National Management Plan: An Action Plan for the Nation - Restoration

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[Executive Summary] | [Introduction] | [Survey of Federal Roles & Responsibilities] | [An Action Plan for the Nation] | [Conclusion] | [Appendices]

Action Plan:
Leadership | Prevention | Detection | Control | Restoration |
International | Research | Info Management | Education

The Order requires Federal agencies to "provide for restoration of native species and habitat conditions in ecosystems that have been invaded." Invasive species are often found in disturbed environments, and they can cause a wide range of disturbances, both to the structure of ecosystems and their processes. For example, in the southern U.S. the invasive plant, kudzu, covers and shades out other vegetation and can cause a wide variety of plants to die. In Africa's Lake Victoria, water hyacinth (a fast growing plant native to the Amazon basin) forms large floating mats, that deplete dissolved oxygen concentrations in the water and can kill fish. Water hyacinth has had a profound effect on the region's water cycle, causing lake levels to drop dramatically (Mooney and Hobbs 2000).

If an invasive species is eradicated in an area and the impact on the environment was small, recovery can be rapid. In many cases, however, disturbances caused by invasive species have multiple effects throughout an ecosystem and may be exacerbated by human alterations of the environment. For example, invasive species can dramatically reduce biodiversity and alter the ecosystem processes that provide surface water and other natural resources. These alterations are not easily healed. Depending on the scale, duration, and frequency of the invasion, restoring the ecosystem to its original condition may not be technically or financially feasible.

Restoration is an integral component of comprehensive prevention and control programs for invasive species that may keep invasive species from causing greater environmental disturbances. Although restoration efforts have certain elements in common, each invasion and area is unique. Restoration projects need to be based both on general principles and site-specific considerations and analysis. Resource managers need the research community to provide them with information for the development of a wide range of environmentally sound management strategies and tools, including detailed site assessments and information on the inter-relationships of the species involved. These assessments can help identify the key factors that will affect the success of restoration projects. In addition, monitoring programs are needed to track the success of control and restoration efforts and to ensure that the area is not reinvaded.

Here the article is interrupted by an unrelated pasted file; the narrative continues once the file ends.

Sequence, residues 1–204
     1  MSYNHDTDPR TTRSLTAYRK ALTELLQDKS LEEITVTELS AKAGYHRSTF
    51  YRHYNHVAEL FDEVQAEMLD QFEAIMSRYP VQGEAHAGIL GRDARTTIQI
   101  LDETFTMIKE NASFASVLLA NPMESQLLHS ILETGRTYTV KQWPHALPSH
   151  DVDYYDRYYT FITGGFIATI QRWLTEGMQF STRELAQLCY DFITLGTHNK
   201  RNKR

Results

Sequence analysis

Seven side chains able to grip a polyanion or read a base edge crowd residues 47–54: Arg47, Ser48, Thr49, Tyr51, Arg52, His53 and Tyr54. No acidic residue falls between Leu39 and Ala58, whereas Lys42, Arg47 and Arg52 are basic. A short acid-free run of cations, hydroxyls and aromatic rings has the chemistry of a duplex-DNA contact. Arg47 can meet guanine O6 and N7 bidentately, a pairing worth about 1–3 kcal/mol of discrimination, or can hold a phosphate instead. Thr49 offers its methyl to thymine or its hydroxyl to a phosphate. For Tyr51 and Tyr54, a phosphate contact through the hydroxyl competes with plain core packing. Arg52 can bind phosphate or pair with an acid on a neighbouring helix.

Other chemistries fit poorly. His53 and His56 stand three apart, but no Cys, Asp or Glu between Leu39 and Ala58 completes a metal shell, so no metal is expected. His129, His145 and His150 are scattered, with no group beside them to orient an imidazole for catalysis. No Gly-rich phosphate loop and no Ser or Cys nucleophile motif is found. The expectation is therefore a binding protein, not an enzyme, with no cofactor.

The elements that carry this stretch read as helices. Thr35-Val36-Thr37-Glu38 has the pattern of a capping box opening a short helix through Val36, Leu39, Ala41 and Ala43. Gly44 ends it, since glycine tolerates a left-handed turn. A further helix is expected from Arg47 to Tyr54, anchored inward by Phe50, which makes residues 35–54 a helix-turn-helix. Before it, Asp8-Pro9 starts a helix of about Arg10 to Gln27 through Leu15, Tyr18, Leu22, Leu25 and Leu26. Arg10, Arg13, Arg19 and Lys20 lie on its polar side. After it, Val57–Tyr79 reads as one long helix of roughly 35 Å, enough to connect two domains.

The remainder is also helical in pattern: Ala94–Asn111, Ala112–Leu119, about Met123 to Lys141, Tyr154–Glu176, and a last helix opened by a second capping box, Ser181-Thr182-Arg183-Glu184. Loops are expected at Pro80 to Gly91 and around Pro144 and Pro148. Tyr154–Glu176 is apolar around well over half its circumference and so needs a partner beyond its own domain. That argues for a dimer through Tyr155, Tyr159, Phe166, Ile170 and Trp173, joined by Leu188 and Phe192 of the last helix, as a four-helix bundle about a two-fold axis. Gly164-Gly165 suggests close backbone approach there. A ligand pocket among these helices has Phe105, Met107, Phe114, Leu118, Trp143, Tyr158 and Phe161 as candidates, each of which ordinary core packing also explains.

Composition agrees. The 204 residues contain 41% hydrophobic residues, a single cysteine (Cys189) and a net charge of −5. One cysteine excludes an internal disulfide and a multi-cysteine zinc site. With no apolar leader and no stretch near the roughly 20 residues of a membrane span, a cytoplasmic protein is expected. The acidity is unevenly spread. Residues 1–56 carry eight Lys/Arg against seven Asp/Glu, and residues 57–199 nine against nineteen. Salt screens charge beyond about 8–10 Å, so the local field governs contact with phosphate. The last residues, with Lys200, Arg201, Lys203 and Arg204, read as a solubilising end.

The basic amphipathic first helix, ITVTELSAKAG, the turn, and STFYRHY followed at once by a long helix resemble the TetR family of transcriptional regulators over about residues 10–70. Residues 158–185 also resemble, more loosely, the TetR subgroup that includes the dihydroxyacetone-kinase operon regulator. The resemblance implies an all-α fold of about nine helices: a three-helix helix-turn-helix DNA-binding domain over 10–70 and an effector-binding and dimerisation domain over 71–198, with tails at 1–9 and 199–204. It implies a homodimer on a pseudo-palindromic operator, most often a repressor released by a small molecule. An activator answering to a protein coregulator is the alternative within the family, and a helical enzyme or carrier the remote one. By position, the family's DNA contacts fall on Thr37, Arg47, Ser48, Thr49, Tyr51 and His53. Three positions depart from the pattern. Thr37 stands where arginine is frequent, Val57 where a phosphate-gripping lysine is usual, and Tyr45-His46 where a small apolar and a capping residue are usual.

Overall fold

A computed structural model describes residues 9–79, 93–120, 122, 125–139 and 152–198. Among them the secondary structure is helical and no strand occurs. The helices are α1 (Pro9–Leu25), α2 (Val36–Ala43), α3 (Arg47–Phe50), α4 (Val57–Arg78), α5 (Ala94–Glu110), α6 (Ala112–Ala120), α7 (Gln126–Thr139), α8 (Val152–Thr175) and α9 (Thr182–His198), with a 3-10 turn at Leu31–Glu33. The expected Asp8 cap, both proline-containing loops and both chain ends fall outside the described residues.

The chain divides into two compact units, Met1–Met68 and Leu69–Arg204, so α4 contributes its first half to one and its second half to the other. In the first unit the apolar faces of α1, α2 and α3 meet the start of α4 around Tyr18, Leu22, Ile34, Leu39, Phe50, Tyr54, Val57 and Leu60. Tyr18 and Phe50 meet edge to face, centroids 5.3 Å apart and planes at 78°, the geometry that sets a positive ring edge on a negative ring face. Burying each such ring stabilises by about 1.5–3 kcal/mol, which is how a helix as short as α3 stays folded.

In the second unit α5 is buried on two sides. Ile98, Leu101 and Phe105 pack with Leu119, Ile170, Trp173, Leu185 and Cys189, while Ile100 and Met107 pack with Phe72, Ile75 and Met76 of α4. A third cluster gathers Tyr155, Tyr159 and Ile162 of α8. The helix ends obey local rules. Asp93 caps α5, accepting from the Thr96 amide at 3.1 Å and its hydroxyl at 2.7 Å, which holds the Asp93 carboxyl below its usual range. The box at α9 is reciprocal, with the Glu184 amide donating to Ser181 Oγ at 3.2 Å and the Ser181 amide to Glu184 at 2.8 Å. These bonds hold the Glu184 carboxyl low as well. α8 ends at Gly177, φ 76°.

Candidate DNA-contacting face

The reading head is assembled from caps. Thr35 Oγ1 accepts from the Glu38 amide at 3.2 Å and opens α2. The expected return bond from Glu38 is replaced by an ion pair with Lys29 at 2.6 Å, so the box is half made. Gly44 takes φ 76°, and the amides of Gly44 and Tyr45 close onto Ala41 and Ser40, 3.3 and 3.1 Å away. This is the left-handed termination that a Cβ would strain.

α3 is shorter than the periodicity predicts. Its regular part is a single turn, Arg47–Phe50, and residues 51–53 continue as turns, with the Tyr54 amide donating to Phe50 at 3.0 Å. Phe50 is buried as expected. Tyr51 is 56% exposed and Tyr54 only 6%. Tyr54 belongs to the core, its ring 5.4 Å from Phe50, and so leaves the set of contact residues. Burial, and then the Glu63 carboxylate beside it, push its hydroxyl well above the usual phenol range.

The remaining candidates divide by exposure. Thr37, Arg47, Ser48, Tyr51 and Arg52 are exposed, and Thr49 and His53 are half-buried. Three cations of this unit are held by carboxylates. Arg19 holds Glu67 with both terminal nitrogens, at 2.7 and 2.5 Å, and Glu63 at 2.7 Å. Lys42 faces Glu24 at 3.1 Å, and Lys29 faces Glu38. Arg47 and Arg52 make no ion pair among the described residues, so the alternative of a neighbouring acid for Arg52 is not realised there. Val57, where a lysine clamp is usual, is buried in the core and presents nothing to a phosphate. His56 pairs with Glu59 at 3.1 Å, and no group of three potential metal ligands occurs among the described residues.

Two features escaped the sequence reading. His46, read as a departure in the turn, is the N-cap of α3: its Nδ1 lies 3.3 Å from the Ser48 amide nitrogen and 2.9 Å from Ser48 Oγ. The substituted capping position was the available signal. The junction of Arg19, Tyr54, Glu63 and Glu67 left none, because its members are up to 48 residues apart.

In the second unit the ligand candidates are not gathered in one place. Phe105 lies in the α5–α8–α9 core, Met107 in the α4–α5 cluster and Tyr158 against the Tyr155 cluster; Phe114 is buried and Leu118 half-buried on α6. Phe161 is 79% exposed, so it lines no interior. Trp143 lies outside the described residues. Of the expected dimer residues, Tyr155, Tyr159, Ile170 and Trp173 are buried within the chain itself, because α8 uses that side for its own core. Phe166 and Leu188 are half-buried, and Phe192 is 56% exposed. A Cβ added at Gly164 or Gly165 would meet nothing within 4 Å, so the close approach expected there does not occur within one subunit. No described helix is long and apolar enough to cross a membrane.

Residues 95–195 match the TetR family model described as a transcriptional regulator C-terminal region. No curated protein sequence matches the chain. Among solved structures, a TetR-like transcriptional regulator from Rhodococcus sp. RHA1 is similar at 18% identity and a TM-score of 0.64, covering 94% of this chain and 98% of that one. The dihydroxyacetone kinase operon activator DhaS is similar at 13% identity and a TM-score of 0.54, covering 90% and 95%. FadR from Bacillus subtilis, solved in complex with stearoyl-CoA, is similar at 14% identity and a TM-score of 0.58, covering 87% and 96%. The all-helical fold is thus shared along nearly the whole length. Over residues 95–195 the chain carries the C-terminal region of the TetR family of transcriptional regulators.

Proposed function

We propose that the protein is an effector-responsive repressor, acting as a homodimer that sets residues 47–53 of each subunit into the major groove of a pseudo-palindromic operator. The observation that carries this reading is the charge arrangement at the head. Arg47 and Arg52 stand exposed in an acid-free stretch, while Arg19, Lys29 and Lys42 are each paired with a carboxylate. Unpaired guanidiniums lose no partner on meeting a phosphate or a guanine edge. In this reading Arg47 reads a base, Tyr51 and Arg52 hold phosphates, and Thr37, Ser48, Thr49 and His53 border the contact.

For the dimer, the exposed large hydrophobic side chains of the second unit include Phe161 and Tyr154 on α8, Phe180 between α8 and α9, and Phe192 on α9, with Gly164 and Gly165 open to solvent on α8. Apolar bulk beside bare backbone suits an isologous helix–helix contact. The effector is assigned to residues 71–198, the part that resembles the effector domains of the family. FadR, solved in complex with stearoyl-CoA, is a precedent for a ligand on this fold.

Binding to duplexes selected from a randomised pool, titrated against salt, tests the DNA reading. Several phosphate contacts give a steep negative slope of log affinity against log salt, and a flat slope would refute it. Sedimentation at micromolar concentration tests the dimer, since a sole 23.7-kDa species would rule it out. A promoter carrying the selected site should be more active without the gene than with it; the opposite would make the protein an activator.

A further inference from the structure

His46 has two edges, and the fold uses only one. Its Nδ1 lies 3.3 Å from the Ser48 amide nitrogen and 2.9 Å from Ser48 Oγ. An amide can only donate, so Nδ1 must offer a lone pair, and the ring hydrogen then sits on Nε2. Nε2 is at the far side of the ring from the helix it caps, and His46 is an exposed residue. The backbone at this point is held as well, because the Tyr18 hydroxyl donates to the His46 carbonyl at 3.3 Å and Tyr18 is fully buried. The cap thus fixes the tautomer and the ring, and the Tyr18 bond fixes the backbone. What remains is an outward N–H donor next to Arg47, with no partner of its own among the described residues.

Ecological information and restoration techniques have improved. With attention to site preparation, hydrology, nutrient cycling, beneficial plantings, monitoring the effects of natural disturbances, some terrestrial systems can be extensively recovered. Restoration of aquatic systems has proven more difficult, but significant progress in being made. Resource managers believe that restoration efforts will contribute to control actions and that once habitats have been restored, they will be less vulnerable to future invasions by the same or other invasive species. From this perspective, restoration is an important part of a site-specific prevention and control strategy.

Actions Planned

  1. Starting in January 2001, the USDA, Interior, and the U.S. Army Corps of Engineers will identify sources of propagative material for native species in areas of restoration or reclamation projects.

  2. By January 2002, the Council will prepare draft legislation to authorize tax incentives and otherwise encourage participation of private landowners in restoration programs.

  3. By July 2002, the Council will develop and issue recommendations, guidelines and monitoring procedures for Federal land and water management agencies to use, where feasible, in restoration activities. Among other things, these will:

a. Address restoration programs mandated by law (e.g. natural disasters, oil and chemical spills, and acid mine drainage).

b. Identify appropriate use of native and desirable non-native (non-invasive) species and encourage management practices that promote regeneration of native species.

c. Develop and describe the best available techniques for restoring habitats such as arid and aquatic environments and highly eroded or disturbed sites, and identify research needs for technique development.

  1. By April 2003, the Council, led by the Interior and USDA in cooperation with NSF, USAID, and other relevant bodies, will develop criteria for the use of non-native species in overseas restoration projects.

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